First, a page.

What do you mean you have to make the story about a person’s race if they’re not white?

One of the things I loathed hearing about in middleschool, highschool and my first few years of college was people assuming I would write about my Mexican heritage. Like THAT was the only thing ticking in my mind. It’s not a bad thing, but every time we read stories about Mexicans in school it was always about struggle and how life was shitty for the main protagonist.

Granted I acknowledge that these authors were writing about their own life experiences and respect their stories and life struggles, but my life wasn’t their story and isn’t that story to tell. I had my own struggles, they were nothing like the struggles seen in Hispanic literature. In comparison my life would be seen as a piece of cake by those authors and my struggles would be labeled as a first world problem (which sadly they are).

As I mentioned above Chetty did mention that if I ever write a story with a Mexican protagonist, I gotta write about Mexican heritage or problems or my book (allegedly) isn’t selling squat! For publishers to even consider publishing my book, my protagonist has to either have Mexican problems or have his whole plot centered around coming out as gay (yes I snuck that in too).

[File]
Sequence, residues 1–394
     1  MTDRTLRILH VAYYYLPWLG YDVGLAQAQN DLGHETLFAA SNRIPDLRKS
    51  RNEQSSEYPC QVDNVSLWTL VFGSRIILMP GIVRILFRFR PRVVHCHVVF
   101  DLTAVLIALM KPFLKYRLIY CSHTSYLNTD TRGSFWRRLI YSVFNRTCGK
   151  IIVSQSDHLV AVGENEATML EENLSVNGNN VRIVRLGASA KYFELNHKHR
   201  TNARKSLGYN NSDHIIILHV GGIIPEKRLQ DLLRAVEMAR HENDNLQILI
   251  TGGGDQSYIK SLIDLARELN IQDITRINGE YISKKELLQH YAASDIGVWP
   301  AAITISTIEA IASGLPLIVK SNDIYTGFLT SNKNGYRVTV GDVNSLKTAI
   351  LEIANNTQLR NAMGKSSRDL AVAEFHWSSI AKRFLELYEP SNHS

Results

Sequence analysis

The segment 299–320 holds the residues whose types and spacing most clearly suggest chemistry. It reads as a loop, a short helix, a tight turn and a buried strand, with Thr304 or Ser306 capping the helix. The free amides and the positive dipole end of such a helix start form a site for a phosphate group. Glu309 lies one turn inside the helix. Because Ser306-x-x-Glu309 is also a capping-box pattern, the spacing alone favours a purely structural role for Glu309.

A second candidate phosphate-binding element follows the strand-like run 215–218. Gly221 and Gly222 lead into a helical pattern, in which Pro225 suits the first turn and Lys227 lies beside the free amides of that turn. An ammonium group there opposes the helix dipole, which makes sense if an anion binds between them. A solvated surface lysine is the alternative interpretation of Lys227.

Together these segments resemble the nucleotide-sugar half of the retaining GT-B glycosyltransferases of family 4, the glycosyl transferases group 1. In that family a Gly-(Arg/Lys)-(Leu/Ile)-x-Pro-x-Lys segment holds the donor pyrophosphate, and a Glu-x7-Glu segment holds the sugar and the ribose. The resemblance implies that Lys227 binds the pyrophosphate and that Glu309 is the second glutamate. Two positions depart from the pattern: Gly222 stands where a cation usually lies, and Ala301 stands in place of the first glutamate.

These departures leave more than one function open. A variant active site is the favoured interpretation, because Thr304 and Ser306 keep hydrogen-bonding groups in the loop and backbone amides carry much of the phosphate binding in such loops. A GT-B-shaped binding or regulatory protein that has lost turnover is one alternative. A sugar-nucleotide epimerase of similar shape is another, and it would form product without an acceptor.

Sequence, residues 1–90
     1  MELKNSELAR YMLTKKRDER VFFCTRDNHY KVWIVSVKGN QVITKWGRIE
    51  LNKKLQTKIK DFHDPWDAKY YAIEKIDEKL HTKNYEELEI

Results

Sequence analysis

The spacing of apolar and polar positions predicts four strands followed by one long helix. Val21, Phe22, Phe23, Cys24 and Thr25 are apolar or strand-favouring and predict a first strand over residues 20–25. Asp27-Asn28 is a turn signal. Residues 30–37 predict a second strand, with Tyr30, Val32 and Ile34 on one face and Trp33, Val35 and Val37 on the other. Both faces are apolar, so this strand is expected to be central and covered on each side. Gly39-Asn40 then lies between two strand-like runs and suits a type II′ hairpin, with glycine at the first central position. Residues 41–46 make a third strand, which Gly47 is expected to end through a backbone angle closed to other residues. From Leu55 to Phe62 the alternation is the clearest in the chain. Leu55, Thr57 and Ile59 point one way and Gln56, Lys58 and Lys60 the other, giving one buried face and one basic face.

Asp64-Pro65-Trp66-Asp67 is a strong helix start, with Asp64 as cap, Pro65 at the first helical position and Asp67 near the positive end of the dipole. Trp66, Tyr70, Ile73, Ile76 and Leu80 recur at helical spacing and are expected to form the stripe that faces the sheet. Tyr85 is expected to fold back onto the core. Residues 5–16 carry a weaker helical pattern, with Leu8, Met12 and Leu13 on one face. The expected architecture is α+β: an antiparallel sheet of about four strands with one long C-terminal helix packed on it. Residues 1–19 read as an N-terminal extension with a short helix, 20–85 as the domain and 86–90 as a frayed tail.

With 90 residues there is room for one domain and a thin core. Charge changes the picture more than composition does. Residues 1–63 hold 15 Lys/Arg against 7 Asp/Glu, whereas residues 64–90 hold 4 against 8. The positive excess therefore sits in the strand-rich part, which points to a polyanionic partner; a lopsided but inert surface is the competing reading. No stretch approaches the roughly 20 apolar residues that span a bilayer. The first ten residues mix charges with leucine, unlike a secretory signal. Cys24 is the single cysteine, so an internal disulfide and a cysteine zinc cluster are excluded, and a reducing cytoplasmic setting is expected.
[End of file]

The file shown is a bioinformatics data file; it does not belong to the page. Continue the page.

What about the TV?

Television has been interesting about race; let’s start with Star Trek the original series. It had Nichelle Nichols playing Nyota Uhura and George Takei playing Hikaru Sulu. A “black woman on the tv who wasn’t a maid” (as described by Whoopi Goldberg) and a Japanese man (who would later come out as a proud homosexual) portraying characters on a science fiction show treated as equal to their colleagues despite their ethnicity.